On 12th November, 15 undergraduates occupied Owens Park Tower, an unused residential building on the University of Manchester campus.
Duped into taking sub-par online lectures, and forced to quarantine in box rooms, the students were protesting rents: ones that Sarah Cundy, a history student at the university and vice-chair of Manchester Momentum, claims 74 per cent are currently unable to meet due to loss of work.
Exacerbated by flooding, which forced 100 freshers to sleep on the floor in a communal area, and an £11,000 security guarded-fence around the university’s Fallowfield campus (since pulled down) – the students began to retaliate.
When a protest planned for 10th November was cancelled due to the threat of fines, members from UoM Rent Strike and 9K 4 What – organisations demanding better treatment of students and staff – snuck into Owens Park Tower, barricaded the doors with sofas, and hung a “Students Before Profit” sign out the 10th floor window.
Eleven days later, the protestors are still there, stating they will not move until University of Manchester’s Vice Chancellor Nancy Rothwell meets with them to discuss a 40 per cent rent reduction, a no-penalty early release clause from their tenancy contracts and an increase in support for students in halls of residence.
For Marc Vallée, the photographer behind book, Millbank and that Van, the situation is nothing new.
“The way students are being treated, particularly under the pandemic, is demonstrative of what the students were fighting against 10 years ago.”
In a twisted turn of history contorting itself, the Manchester sit-in came exactly 10 years and one day after the legendary Millbank Tower occupation, when 52,000 angry students and schoolchildren smashed through the Conservative Party headquarters in Westminster to protest against the trebling of tuition fees.
“On the one hand they were fighting against the raise in fees, but ultimately they were fighting against the whole change in the culture of education,” Vallée says.
At the turn of the decade, England’s higher education underwent deep structural changes to how it was financed. Five months after the Conservative-Liberal Democrat coalition was installed, the government unveiled an extensive package of reform which allowed universities to increase the cap on tuition fees to £9,000 per year, slashing government funding from 50 per cent to 25 per cent as a result. The move was seen as a knife in the back for young people who had rallied around then-Lib Dem leader Nick Clegg and his pre-election pledge not to raise said cap.
“It was a result of 30 years of neoliberalism and Chicago Boys economics [a school of thought that promoted the virtues of free-market principles in society],” Vallée continues. “The increase in tuition fees accelerated the growth of marketisation in higher education and radically reshaped the students’ relationships with their universities. It turned the joy of learning into something you obtain and pay for, which subverts it and makes it less.”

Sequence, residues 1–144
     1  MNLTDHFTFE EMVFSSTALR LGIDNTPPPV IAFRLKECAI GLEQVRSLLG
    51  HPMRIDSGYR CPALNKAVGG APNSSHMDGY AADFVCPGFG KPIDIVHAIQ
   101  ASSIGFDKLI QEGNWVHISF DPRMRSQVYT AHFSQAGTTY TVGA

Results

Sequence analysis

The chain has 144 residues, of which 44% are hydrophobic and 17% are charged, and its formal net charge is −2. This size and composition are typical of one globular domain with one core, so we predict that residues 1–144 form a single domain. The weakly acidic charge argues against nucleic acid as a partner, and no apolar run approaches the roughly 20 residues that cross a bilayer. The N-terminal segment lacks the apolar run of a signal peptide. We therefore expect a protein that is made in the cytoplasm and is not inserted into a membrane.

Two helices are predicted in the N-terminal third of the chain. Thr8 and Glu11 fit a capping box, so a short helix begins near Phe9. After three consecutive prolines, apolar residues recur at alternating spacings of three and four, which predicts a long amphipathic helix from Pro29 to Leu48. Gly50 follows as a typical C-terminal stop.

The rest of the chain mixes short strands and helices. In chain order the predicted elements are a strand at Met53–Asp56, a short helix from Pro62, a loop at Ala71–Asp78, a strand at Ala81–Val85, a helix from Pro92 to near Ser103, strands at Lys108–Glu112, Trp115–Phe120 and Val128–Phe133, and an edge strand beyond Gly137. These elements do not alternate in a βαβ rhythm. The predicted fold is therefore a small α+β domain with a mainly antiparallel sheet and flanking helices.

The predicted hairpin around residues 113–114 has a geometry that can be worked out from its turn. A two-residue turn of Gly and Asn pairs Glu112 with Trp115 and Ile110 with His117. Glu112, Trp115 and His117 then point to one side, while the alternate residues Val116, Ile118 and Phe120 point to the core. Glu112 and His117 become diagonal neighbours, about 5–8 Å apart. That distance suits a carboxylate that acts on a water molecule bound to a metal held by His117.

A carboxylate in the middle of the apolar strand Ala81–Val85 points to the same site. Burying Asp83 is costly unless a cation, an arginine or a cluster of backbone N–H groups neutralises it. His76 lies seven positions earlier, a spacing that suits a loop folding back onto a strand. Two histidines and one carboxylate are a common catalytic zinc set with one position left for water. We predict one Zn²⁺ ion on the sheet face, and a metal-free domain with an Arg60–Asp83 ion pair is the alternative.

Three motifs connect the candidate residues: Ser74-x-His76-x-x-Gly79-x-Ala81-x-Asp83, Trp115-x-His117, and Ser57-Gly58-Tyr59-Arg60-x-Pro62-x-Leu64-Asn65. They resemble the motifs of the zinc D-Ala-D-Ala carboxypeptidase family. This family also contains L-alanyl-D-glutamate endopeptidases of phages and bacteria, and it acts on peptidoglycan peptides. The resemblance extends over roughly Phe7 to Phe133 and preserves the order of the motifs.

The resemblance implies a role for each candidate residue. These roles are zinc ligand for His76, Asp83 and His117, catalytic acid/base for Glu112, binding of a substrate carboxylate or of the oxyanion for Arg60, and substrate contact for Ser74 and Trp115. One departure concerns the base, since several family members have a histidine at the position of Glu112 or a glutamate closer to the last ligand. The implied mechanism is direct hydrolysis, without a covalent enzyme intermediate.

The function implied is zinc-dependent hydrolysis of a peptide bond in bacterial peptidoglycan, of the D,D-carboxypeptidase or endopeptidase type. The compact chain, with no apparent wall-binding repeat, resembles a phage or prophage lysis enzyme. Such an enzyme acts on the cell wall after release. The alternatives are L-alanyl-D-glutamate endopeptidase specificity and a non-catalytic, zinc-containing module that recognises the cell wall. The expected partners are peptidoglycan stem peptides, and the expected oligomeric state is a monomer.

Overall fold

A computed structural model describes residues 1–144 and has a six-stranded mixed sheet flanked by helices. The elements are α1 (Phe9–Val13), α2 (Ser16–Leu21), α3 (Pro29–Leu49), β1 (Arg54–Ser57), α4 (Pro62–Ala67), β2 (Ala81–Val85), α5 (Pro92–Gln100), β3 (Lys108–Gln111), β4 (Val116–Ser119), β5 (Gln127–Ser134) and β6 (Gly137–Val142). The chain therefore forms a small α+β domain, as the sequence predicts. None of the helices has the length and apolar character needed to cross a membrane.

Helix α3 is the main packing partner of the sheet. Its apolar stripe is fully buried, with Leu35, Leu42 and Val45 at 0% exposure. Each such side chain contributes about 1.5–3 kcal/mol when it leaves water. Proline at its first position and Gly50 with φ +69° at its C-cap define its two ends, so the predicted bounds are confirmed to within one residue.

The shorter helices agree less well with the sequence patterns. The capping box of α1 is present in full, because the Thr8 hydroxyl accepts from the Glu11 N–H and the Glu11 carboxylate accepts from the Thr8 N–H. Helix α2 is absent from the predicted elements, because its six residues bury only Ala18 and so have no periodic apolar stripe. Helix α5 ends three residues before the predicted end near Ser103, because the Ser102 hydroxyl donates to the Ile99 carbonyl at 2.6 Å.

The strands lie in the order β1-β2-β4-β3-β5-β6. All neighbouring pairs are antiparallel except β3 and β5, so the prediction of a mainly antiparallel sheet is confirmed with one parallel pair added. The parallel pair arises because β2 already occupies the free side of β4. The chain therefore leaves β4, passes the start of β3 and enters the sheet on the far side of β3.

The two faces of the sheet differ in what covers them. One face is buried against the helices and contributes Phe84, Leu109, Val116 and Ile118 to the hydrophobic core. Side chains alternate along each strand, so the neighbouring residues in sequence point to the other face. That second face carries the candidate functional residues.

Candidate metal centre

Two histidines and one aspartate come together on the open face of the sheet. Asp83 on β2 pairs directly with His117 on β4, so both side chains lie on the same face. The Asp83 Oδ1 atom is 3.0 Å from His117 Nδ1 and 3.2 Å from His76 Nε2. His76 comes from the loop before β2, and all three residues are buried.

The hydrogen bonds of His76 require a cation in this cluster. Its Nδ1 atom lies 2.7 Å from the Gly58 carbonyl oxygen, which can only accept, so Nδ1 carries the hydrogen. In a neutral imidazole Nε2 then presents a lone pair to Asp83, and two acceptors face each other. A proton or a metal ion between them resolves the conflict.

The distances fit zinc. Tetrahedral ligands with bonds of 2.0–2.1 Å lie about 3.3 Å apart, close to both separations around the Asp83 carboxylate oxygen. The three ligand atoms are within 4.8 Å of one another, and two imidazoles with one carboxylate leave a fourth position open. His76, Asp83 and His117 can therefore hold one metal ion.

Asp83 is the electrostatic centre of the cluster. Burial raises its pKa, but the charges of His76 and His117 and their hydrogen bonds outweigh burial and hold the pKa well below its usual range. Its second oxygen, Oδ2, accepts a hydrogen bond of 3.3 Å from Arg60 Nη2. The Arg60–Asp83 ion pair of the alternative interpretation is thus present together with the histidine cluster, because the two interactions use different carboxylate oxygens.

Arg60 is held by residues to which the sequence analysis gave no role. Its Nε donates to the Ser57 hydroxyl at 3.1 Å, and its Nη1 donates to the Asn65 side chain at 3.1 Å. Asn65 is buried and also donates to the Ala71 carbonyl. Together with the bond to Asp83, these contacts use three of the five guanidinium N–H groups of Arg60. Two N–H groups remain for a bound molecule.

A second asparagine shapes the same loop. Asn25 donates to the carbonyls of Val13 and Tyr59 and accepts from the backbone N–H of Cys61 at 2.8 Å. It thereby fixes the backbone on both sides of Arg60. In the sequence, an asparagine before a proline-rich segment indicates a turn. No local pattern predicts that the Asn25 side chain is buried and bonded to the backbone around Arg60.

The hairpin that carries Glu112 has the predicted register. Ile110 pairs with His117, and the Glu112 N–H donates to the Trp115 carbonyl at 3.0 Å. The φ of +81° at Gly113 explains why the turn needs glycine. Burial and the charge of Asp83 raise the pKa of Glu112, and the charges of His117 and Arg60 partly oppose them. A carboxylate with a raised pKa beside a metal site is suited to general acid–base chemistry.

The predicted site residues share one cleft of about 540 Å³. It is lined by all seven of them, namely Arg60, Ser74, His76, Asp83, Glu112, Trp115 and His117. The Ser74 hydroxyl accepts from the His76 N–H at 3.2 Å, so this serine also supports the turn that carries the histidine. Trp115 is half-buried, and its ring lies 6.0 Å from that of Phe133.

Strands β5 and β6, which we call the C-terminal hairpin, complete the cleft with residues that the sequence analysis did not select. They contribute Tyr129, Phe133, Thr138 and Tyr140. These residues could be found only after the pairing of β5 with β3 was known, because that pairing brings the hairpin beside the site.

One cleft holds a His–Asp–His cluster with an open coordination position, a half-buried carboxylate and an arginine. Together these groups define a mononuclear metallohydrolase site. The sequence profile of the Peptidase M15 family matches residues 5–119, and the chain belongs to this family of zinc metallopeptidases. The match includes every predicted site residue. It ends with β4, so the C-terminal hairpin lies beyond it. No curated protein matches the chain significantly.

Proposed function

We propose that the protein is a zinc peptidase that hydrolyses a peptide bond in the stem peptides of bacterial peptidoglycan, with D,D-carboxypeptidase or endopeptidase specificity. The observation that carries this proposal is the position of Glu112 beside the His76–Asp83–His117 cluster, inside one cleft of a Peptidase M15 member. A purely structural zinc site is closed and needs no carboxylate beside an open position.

Fast forward 10 years and the system is in crisis. Overly reliant on student fees, and in dire need of funds following a 16 per cent drop in domestic enrolment that has left almost three-quarters of universities in “a critical financial position”, universities are treating students like consumers whose money matters more than their education – reluctant to abandon “the student experience” until they’d collected their cheques.
It’s why Vicky Blake, president of the Universities and Colleges Union suggested in The Guardian last month that universities waited to move teaching online until after the fee rebate deadline passed. For Vallée, the whole thing is a “capitalist Catch 22”.
“Universities are responsible for the safety of their students, but without their fees, they’ll collapse,” he says. “The government needs to step in like it has for so many other sectors, or better yet, the whole system needs to be restructured so that universities aren’t reliant on fees, which will mean students are no longer viewed as commodities.”
The 2010 student movement shook the government, police and much of the media. The spontaneous radicalism and willingness to fight gave rise to a more political generation and, although the tuition increases went ahead, the spirit of direct action became increasingly normalised. “Millbank was about collective power,” Vallée agrees.
It’s an energy that the Class of Covid-19 is tapping into now. “The anger from students today resonates with what I saw ten years ago,” Vallée continues. “Once again they’re being sold empty promises, and I implore them to look back to Millbank Tower and remember the power of collective action. It’s time to remind those at the top who our education system is meant to serve.”